Hiring good contractors and handymen nowadays may seem like trying to find a needle in a haystack. In the grand scheme of things, the term “good” contractor might certainly be an oxymoron because of all the unethical rip-off artists, frauds, snake oil salesmen (the list goes on) that are involved in the profession. It’s amazing how such individuals gravitate to this line of work. But at the same time, it’s unfortunate because they can tarnish the reputations of the hardworking, honest and legitimate contractors that are in the business. The trick is to find and hire an ethical, customer-oriented contractor, and this can be quite a challenge, to say the least.
The process of hiring good contractors or handyman to work on your residential property is very similar to the process of finding a good mortgage lender – you must perform your “due diligence” and conduct a proper screening process.
Because your home is probably your most valuable financial asset, you’ll want to take the necessary precautions to find and hire a competent, ethical contractor or handyman to work on it. These precautions could make all the difference between having a good experience with the contractor or a nightmare.
The following are some general guidelines for finding and hiring good contractors and handyman to work on your rental property:
- Don’t fall for a slick TV, newspaper, Yellow Page or radio advertisement as an indication of a contractor’s work or reputation. Instead, first check with friends, family members, and neighbors who have hired contractors or handymen in the past. They’re your best source for good references.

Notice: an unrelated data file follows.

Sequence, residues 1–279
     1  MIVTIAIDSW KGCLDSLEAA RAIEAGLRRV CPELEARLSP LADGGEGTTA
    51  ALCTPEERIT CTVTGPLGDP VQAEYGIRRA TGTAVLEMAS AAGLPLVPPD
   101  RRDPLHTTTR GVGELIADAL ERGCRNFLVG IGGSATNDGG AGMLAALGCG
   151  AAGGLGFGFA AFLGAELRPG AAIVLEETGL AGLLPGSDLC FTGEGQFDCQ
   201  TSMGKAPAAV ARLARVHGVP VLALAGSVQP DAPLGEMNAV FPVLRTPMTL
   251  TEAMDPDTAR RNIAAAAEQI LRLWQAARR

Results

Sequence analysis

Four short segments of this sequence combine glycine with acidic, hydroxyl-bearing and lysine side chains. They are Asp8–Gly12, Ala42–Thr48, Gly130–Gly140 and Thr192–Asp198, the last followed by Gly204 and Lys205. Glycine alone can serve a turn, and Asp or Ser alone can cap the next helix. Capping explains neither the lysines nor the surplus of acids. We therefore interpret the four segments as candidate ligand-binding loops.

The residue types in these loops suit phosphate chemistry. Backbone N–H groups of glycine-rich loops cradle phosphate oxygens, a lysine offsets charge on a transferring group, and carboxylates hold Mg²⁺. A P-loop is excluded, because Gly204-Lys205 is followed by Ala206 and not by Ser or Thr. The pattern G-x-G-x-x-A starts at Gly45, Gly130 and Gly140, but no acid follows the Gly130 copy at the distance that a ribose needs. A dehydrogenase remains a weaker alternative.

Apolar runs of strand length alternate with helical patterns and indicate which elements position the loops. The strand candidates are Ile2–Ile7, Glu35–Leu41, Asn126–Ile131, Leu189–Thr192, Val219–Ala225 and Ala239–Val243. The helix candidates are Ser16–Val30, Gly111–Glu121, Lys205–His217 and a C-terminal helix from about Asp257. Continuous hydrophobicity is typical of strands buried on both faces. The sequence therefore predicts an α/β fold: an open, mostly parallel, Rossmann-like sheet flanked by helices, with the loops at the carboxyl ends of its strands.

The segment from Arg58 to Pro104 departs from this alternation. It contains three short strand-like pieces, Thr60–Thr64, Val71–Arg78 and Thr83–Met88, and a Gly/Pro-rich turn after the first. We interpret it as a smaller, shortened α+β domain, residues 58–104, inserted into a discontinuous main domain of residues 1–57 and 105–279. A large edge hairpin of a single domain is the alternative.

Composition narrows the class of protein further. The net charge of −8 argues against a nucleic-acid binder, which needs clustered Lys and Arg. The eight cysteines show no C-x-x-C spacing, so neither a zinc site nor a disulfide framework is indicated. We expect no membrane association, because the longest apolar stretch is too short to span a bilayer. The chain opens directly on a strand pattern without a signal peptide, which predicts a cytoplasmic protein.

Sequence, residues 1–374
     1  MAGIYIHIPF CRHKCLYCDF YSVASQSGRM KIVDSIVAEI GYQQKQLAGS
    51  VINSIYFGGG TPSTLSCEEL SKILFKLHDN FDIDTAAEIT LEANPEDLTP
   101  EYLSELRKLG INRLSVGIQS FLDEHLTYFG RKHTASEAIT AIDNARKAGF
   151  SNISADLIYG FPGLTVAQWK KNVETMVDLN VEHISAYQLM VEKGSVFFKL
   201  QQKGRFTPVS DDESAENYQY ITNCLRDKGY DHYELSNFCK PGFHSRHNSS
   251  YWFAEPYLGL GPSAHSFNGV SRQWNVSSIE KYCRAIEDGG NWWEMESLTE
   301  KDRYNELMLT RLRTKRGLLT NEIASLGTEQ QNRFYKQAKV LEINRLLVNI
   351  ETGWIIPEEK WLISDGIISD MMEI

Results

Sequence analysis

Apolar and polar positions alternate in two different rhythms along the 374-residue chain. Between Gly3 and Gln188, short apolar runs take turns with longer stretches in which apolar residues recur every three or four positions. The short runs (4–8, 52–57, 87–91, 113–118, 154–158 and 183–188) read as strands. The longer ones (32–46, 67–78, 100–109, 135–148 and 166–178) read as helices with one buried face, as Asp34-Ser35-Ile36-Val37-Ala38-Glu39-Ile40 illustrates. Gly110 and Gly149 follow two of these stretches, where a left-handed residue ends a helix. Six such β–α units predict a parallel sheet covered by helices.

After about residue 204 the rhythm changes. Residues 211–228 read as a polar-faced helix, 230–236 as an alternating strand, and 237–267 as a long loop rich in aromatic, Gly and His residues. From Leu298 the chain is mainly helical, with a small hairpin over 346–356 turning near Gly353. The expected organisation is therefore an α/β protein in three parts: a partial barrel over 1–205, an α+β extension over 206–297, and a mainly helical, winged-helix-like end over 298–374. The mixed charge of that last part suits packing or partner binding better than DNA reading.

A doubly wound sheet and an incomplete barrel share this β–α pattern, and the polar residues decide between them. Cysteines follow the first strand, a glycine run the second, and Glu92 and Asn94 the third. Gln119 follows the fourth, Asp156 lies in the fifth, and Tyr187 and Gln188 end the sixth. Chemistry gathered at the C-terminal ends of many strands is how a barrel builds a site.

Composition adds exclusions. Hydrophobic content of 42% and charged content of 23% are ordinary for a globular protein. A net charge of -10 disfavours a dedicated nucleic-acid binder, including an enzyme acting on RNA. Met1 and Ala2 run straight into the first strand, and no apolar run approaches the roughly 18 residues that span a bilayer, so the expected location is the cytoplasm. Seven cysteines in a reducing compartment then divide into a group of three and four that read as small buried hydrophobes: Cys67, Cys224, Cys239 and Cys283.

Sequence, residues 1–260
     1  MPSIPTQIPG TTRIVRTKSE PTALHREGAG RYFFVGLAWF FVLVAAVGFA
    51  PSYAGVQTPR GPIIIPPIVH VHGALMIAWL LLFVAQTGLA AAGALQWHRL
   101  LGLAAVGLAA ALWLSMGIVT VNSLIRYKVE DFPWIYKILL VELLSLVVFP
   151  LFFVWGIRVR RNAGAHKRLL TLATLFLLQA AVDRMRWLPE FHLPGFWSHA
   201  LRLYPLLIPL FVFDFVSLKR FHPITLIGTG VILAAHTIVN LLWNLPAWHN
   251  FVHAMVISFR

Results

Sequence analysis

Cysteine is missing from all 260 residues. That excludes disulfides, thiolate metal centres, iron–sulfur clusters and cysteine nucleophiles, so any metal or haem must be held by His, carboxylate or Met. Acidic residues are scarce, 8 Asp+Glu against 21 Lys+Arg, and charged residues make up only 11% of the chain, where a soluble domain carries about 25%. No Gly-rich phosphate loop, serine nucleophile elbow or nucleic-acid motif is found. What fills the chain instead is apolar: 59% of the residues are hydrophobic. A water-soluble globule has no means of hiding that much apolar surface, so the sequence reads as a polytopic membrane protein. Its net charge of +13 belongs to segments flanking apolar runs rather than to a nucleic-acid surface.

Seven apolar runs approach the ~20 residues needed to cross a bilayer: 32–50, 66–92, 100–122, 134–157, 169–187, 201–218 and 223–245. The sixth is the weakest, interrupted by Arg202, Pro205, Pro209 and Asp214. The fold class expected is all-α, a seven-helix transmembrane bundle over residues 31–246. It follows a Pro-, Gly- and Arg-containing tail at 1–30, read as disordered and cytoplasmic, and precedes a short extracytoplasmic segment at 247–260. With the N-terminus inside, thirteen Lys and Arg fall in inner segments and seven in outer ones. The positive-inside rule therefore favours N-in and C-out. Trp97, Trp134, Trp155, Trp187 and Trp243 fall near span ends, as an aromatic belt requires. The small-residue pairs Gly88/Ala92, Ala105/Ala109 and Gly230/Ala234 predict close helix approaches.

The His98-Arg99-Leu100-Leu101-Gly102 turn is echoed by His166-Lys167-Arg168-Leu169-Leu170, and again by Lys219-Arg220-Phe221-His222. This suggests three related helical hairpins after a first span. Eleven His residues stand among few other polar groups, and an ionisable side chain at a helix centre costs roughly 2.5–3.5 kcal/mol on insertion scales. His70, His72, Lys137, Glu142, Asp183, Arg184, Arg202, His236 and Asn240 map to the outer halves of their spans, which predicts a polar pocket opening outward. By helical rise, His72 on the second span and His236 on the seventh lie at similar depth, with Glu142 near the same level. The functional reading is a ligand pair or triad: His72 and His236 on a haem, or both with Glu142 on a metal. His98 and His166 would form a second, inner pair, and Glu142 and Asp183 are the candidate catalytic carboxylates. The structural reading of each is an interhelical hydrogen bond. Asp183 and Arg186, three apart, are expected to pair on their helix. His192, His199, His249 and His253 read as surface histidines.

- Beware of contractors who require large up-front payments and require you to take out the necessary permits. Legitimate contractors do not operate in this fashion.
- Obtain written estimates from several firms and don’t always choose the lowest bidder. They may be the lowest bidder for a reason! Ask for explanations regarding any price variations.
- Ask the contractor if they will be using “subcontractors” on your job. If they are, then request a lien release from all the subcontractors before you make final payment to the “general contractor”. This will protect you by ensuring that all subcontractors have been paid (by the general contractor) for work done on your property. This prevents them from placing “mechanics liens” on your property, which will force you to sell the property to satisfy their unpaid bills. Sounds crazy, but that’s reality!
- Don’t sign a contract that has “blank spaces” that can be filled in after you sign it.
- Make sure the contractor and all subcontractors are fully licensed, registered, and insured in your state and locality. Get copies of all current insurance certificates before work is started.
- Check the Better Business Bureau to see if the contractor or handyman is a member in good standing with no previous customer complaints.
- Beware of contractors who solicit door-to-door and/or only accept cash payments.
- Ask the contractor how long they’ve been in business, and ask to see a list of references for previous projects they have performed that were similar to yours.
Taking the above steps should go a long way in finding a good, reputable contractor or handyman to work on your property. And that will certainly make your experience as a landlord much more rewarding and satisfying at the same time.